While the Internet promotes creativity and diffusion of ideas and entertainment, it has also enabled widespread dissemination of copyrighted materials. This class action lawsuit filed by Viacom International Inc. against Youtube in 2005 details the large-scale infringement Youtube has committed against music, film, and television companies. Although Youtube claims the websites purpose is to provide a forum for "user generated" material, the website contains innumerable copyrighted content. One could view clips from every genre of film or television and music clips from live shows or music videos. The plaintiffs hold Youtube responsible because they have enabled the format for such infringement without assuming the responsibility of monitoring the content. Furthermore, the plaintiffs argue "the availability on the Youtube site of a vast library of the copyrighted work is the cornerstone of the Defendant's business plan." Because Youtube makes significant profit off of these copyrighted works, they leave it to law abiding individuals and copyright owners to monitor the site. Even if the site removes the illegal content once notified, it usually returns to the site within no time. Moreover, Youtube has devised a feature that precludes copyright owners from finding infringing videos.
Viacom holds Youtube responsible because the site "knowingly reproduces and publicly performs the copyrighted works" and allows for extended distribution by enabling one to "embed" a video into another website. Although users are the ones who originally upload the content, Youtube converts the material to their own software format for display and reproduction. More importantly, such websites dissuade people from producing creative works in fear their copyrights will be violated and subject to egregious exploitation. Youtube acknowledges such illegality by sending cease and desist letters to people who provide software that can be used to make copies of Youtube's videos. Youtube sites that such copies are "unauthorized" yet the plaintiffs recognize that Youtube does not want such copies available because they need viewers for their own site to retain advertising revenues. As compensation for Youtube's violations, the plaintiffs order that the defendants device a system to prevent infringement and provide statutory damages for past and present infringements amounting to at least one billion dollars.
This lawsuit directly pertains to my paper in that it shows the legal measures the film industry is taking to combat piracy. Because my paper also focuses on the evolution of the industry in this online world, it is important to note the setbacks such technological develoments have caused for the industry.
On March 13, 2007, Viacom International Inc. filed a class action lawsuit against Youtube claiming massive copyright infringement by the defendant. Viacom filed the suit after sending takedown notices to Youtube demanding over 150,000 copyrighted videos be removed from its servers. In its complaint, Viacom notes “millions have seized the opportunities digital technology provides to express themselves creatively.” However, Viacom argues that Youtube has “harnessed technology to willfully infringe copyrights on a huge scale.” Youtube, the complaint urges, has built a library of infringing video clips in order to increase profit. Rather than attempting to remove all infringing videos, Youtube “has decided to shift the burden entirely onto copyright owners to monitor the Youtube site…to detect infringing videos and send takedown notices to Youtube.” Viacom claims that Youtube increases its own value at the expense of copyright holders through the following methods: displaying advertisements above infringing videos, allowing users to embed infringing files onto other websites to draw users to Youtube and subsequently increase ad revenue, and permitting users to keep copyrighted videos hidden from the public. Viacom also notes that Youtube hosts the videos on its own servers, rather than simply acting as a conduit through which users pass files. This, in Viacom’s interpretation, makes Youtube the primary copyright infringer as it is the entity that is actually “performing” the copyrighted footage.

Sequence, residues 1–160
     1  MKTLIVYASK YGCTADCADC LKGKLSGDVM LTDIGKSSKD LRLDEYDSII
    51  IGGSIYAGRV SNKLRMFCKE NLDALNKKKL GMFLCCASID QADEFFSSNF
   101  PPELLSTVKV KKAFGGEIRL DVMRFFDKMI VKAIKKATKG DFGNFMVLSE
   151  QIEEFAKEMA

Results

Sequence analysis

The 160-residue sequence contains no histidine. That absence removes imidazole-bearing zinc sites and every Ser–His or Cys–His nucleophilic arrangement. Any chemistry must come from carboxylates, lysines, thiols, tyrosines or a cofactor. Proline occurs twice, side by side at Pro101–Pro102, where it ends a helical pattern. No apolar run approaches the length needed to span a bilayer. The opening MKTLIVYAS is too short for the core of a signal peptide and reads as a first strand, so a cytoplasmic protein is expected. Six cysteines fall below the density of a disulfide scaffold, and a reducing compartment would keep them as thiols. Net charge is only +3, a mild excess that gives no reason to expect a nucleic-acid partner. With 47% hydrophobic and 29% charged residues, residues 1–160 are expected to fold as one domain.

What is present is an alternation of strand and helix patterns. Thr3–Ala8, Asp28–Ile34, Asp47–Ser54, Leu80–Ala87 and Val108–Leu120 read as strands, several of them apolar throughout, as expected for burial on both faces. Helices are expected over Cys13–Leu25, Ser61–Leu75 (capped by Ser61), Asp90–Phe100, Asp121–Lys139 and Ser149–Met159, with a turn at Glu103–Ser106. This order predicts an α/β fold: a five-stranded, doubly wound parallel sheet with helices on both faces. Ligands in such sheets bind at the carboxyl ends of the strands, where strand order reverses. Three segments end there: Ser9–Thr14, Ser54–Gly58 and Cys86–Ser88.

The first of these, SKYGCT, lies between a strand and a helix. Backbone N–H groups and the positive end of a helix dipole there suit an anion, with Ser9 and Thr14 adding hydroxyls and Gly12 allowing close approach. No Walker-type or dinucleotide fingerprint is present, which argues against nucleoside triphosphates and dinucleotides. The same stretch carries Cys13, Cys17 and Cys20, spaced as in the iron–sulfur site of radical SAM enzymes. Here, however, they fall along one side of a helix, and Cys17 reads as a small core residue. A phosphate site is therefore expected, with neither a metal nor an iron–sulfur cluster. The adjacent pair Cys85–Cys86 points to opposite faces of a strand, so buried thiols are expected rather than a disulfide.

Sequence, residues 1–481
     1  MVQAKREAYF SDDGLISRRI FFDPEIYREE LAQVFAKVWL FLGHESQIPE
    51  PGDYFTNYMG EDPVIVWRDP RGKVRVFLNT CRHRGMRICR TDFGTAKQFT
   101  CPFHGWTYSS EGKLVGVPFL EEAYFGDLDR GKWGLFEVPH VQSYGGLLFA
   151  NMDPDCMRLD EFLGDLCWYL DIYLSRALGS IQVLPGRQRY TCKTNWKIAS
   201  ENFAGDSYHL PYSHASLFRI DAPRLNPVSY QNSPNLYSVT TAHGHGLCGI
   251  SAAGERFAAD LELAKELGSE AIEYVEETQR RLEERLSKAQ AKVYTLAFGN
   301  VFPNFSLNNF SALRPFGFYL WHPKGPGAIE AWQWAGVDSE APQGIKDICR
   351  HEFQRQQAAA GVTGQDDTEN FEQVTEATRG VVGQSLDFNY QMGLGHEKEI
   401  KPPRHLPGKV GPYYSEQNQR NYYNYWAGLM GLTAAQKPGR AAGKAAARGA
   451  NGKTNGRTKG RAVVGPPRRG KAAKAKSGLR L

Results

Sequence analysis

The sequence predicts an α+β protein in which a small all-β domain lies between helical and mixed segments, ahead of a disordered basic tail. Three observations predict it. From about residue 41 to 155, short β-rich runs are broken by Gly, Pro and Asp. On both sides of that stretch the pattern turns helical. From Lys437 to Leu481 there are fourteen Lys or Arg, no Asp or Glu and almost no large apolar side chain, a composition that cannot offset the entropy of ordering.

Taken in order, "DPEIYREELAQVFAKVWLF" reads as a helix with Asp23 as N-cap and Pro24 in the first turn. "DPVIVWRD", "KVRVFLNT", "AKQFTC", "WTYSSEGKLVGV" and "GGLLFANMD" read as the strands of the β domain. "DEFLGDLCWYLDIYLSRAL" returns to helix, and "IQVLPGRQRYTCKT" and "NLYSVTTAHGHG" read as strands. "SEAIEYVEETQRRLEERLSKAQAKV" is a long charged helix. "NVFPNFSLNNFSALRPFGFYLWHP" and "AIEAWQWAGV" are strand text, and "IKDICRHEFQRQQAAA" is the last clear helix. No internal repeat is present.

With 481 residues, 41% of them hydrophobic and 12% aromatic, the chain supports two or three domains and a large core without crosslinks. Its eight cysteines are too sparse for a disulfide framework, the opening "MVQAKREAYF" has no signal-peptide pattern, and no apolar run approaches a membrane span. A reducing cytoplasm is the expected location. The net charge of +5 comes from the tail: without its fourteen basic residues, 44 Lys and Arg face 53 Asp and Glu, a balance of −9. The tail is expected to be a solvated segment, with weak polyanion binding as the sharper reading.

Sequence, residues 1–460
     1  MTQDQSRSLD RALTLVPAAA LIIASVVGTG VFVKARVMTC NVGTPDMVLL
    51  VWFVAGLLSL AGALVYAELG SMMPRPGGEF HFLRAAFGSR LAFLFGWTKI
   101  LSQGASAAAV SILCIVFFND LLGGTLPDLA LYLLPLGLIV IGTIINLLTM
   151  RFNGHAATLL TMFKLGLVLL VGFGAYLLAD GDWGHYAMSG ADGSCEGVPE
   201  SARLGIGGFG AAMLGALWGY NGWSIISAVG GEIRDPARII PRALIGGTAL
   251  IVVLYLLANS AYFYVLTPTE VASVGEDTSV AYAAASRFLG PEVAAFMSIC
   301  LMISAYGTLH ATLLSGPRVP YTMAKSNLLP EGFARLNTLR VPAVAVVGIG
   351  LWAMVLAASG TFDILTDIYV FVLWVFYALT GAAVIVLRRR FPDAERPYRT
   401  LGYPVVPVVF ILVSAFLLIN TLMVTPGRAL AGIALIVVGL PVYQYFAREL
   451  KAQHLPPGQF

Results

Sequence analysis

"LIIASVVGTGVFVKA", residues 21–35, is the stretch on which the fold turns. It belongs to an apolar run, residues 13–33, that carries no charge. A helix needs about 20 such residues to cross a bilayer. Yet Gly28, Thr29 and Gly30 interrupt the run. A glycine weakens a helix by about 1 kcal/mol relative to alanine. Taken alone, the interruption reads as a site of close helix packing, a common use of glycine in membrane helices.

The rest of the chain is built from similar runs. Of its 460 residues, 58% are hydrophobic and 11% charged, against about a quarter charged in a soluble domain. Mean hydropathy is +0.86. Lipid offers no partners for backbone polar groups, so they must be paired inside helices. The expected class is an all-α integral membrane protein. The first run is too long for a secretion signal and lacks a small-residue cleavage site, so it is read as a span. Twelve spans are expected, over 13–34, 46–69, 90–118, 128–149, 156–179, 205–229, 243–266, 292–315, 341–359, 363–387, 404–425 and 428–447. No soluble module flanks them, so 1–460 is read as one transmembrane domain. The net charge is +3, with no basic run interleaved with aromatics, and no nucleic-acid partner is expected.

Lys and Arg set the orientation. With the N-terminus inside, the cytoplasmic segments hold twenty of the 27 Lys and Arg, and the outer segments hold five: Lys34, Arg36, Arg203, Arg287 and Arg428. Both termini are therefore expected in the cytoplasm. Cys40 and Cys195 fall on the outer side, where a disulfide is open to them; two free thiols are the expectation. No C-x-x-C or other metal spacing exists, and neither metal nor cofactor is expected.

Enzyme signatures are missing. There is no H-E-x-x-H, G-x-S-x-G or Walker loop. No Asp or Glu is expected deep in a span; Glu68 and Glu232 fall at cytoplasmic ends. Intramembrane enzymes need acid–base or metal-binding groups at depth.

Youtube is one of the more influential websites in the development of Web 2.0. The website has essentially ushered in a new age of internet democratization by giving all users the ability to create and host content. Viacom’s complaint fails to take several important copyright issues into account, however, decreasing the lawsuit’s validity in several key issues. First and foremost, it assumes that Youtube has a clear intention of hosting copyright infringing content. While the court decided that Grokster, in MGM Studios v. Grokster, did not have sufficient non-infringing uses to escape liability, Youtube was developed as a website where average internet users can upload home videos. When asked about a memory associated with Youtube, users will typically discuss a humorous home movie they saw rather than an illegal movie clip. Similarly, Viacom assumes that Youtube is responsible for policing its site for all copyrighted material, failing to mention the DMCA once in the lawsuit. The Safe Harbor clause of the Digital Millennium Copyright Act, however, removes service providers from liability for any copyrighted material that users upload to their servers, specifically if the content provider removes material that a copyright holder insists is infringing. Youtube immediately removes material upon receipt of a takedown notice, typically without even ensuring that the entity which issued the notice is actually the copyright holder. Youtube is similarly protected by the Inducing Infringement of Copyrights Act, which protects sites which do not induce others to commit copyright infringement. Rather, Youtube encourages users to produce their own works.